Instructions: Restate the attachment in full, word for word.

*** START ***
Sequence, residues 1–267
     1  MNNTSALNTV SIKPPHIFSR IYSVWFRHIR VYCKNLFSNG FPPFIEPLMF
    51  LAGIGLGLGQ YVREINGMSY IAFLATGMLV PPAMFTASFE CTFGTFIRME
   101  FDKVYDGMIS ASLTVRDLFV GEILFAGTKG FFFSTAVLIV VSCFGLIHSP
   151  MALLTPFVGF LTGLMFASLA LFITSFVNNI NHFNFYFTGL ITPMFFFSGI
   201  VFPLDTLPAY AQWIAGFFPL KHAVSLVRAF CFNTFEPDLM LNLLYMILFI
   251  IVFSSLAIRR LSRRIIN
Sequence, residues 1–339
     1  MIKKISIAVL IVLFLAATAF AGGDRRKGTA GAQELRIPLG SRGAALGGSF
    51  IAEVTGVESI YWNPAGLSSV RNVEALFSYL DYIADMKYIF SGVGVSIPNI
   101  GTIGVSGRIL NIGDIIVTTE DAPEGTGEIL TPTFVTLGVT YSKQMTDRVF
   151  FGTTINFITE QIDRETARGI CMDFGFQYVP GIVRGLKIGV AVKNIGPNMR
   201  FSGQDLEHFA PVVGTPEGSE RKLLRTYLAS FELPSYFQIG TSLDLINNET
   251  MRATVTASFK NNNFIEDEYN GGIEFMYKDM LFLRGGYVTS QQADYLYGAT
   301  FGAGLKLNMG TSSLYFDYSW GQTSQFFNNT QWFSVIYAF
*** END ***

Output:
Sequence, residues 1–267
     1  MNNTSALNTV SIKPPHIFSR IYSVWFRHIR VYCKNLFSNG FPPFIEPLMF
    51  LAGIGLGLGQ YVREINGMSY IAFLATGMLV PPAMFTASFE CTFGTFIRME
   101  FDKVYDGMIS ASLTVRDLFV GEILFAGTKG FFFSTAVLIV VSCFGLIHSP
   151  MALLTPFVGF LTGLMFASLA LFITSFVNNI NHFNFYFTGL ITPMFFFSGI
   201  VFPLDTLPAY AQWIAGFFPL KHAVSLVRAF CFNTFEPDLM LNLLYMILFI
   251  IVFSSLAIRR LSRRIIN
Sequence, residues 1–339
     1  MIKKISIAVL IVLFLAATAF AGGDRRKGTA GAQELRIPLG SRGAALGGSF
    51  IAEVTGVESI YWNPAGLSSV RNVEALFSYL DYIADMKYIF SGVGVSIPNI
   101  GTIGVSGRIL NIGDIIVTTE DAPEGTGEIL TPTFVTLGVT YSKQMTDRVF
   151  FGTTINFITE QIDRETARGI CMDFGFQYVP GIVRGLKIGV AVKNIGPNMR
   201  FSGQDLEHFA PVVGTPEGSE RKLLRTYLAS FELPSYFQIG TSLDLINNET
   251  MRATVTASFK NNNFIEDEYN GGIEFMYKDM LFLRGGYVTS QQADYLYGAT
   301  FGAGLKLNMG TSSLYFDYSW GQTSQFFNNT QWFSVIYAF